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How Do I Get Rid of My Fear of Being Hypnotized?

Updated on August 28, 2017

Many people who come into a first hypnosis session have some worry or fear of hypnosis. They research enough to have an interest in it but still hesitate to take action.

Hypnotherapy is one of the most powerful ways to treat fears and phobia. Fear of being hypnotized can prevent people getting results from other areas in their life.

They may think that the hypnotherapist will make them bark like a dog or forced to do something against their will.

There are many misconceptions about hypnosis which prevents people from improving their lives.

Fears of Hypnotists, hypnotic trance, and hypnotherapy come from the misconceptions they have about hypnosis and not knowing what it is.

The Misconceptions of Hypnosis

Many people formed these ideas by trusting the media, stage performing hypnotists, reading fiction, and watching films that exaggerate the powers of hypnosis.

When they think of the word "hypnosis," images of mind control, a dangling watch, becoming unconscious, quacking like a duck, and the famous line "you are getting sleepy" come to mind.

No wonder people fear hypnosis! People don't want to lose control or be mind controlled. When hypnosis is presented as a method of taking power over another, then the thought of 'hypnosis' itself brings up negative images that make people feel hesitant to seek hypnotherapy.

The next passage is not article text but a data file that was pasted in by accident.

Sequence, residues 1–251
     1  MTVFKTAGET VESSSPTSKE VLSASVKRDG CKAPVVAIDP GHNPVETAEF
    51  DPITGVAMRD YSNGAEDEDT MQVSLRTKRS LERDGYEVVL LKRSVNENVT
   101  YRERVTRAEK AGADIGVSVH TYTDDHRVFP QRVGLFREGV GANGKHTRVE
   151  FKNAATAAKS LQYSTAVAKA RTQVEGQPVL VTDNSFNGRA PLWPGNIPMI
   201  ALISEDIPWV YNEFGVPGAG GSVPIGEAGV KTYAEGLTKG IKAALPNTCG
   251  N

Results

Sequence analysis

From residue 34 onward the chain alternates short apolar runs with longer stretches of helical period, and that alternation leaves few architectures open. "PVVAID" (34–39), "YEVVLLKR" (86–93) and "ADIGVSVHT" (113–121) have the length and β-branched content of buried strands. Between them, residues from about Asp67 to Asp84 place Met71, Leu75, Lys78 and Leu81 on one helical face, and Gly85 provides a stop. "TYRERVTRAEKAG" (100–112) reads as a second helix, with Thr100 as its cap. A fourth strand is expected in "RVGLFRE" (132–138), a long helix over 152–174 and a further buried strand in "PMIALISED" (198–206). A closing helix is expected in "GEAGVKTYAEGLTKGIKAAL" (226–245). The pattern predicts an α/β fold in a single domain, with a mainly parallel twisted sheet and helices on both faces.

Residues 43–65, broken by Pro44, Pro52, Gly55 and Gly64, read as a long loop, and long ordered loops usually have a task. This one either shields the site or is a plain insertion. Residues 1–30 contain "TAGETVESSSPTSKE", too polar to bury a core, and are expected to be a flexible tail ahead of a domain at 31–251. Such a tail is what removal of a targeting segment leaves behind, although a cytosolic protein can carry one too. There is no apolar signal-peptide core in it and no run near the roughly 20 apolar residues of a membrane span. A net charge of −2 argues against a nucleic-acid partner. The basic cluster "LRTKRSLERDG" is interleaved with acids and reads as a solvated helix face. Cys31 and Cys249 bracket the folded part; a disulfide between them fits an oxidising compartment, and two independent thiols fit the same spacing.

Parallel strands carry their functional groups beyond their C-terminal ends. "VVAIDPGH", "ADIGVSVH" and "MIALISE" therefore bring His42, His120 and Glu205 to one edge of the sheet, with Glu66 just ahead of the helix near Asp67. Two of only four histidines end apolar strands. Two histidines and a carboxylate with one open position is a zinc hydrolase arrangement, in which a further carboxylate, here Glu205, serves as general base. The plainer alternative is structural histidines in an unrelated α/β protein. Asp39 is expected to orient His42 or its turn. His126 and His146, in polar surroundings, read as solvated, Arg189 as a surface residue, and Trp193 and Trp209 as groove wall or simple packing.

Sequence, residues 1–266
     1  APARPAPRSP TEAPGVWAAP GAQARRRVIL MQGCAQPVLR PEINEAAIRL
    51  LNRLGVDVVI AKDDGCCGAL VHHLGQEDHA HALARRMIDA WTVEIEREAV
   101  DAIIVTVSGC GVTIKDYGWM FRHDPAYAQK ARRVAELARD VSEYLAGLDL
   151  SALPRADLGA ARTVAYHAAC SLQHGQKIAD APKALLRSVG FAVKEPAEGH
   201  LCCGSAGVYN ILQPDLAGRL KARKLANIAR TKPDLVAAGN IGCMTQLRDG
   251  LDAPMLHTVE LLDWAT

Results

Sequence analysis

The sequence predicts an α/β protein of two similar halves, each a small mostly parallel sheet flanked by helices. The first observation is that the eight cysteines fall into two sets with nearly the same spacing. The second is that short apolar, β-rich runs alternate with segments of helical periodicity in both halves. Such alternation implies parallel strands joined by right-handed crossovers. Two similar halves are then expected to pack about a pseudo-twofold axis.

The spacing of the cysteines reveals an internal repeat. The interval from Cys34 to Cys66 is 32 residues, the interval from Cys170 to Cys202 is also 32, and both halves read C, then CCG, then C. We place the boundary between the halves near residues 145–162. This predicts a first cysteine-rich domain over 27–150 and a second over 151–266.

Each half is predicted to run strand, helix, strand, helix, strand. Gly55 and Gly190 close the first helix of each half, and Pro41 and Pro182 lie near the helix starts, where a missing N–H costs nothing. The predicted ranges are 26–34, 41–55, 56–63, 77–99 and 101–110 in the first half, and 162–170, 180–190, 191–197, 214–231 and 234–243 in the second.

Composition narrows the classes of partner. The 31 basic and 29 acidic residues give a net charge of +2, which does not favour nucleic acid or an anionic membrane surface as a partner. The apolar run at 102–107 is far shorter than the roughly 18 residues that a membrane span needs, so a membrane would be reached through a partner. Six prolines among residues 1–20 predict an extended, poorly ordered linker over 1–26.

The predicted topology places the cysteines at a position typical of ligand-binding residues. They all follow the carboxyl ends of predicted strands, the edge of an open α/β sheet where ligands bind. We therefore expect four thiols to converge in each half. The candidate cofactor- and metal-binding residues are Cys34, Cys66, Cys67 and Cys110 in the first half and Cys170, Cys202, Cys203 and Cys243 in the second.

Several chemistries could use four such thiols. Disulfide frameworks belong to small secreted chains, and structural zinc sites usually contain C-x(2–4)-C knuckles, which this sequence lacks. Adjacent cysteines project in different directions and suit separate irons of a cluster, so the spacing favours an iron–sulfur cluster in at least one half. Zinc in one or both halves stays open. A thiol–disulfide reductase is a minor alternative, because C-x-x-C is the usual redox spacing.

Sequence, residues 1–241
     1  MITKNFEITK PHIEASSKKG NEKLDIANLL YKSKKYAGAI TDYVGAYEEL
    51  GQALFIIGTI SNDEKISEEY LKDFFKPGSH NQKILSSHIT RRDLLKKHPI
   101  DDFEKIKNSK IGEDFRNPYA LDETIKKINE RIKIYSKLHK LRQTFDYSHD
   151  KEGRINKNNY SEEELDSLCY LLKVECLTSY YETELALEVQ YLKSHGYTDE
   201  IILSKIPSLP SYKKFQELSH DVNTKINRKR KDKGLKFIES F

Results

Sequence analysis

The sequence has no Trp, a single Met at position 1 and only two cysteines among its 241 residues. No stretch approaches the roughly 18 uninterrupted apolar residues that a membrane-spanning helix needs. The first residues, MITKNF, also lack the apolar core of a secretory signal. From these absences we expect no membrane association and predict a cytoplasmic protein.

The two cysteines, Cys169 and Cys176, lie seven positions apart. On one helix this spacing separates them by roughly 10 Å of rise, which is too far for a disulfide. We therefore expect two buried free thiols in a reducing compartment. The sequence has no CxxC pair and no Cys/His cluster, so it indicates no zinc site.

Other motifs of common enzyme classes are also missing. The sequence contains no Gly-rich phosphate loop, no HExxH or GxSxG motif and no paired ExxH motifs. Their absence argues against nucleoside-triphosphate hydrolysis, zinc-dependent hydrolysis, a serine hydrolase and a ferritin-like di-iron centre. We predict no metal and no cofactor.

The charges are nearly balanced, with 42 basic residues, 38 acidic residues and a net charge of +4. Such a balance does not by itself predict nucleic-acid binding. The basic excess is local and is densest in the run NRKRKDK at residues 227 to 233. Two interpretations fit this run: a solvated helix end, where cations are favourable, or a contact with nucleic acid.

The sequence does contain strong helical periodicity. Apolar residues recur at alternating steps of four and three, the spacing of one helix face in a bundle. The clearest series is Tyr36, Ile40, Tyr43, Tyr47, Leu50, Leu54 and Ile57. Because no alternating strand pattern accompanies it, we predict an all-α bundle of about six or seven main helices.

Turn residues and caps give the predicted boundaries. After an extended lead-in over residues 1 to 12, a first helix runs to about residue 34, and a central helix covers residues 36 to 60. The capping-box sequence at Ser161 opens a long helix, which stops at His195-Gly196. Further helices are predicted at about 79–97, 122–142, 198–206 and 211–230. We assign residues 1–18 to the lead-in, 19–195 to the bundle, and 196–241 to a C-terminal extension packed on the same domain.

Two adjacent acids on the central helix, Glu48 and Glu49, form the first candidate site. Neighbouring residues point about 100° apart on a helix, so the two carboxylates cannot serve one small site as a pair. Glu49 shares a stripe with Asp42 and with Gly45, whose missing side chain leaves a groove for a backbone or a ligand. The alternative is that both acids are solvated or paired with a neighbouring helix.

Hypnotherapy is Not Mind Control

For the client to have the best therapeutic experience with hypnosis, it's important to relieve the misconceptions they have about hypnosis.

The three widely held misconceptions about hypnosis are that hypnosis is mind control, that you become unconscious, and that it's supernatural power.

1. Hypnosis as mind control

Many people think that hypnosis is a form of mind control. One cannot be made to do something against their will. If it did, hypnotherapists would have made millions from turning all prisoners into good citizens.

The fact is that hypnosis only works when the person is ready to make it work. The client's motivation to change plays a significant role in hypnotherapy. While there are various degrees of susceptibility for each person, a motivated person can benefit from hypnotherapy.

2. Hypnosis makes you unconscious

During the hypnotic session, the hypnotherapist guides the client to a calm and relaxing state of mind. One can listen or ignore the hypnotherapist's suggestions. They are not in any way unconscious but are rather in a state of hyper awareness.

Neuroscientists saw a decrease in dorsal anterior cingulate (cognition and motor control) but an increase in dorsolateral prefrontal cortex (the brain body connection) during hypnosis. While the client in hypnosis is not present with the outside world, he/she involves greater focus and concentration inside his/her mind.

Not only are clients in control during hypnosis but they are more in control than in waking state. In hypnosis, they can control the habits, behaviors, and results they want.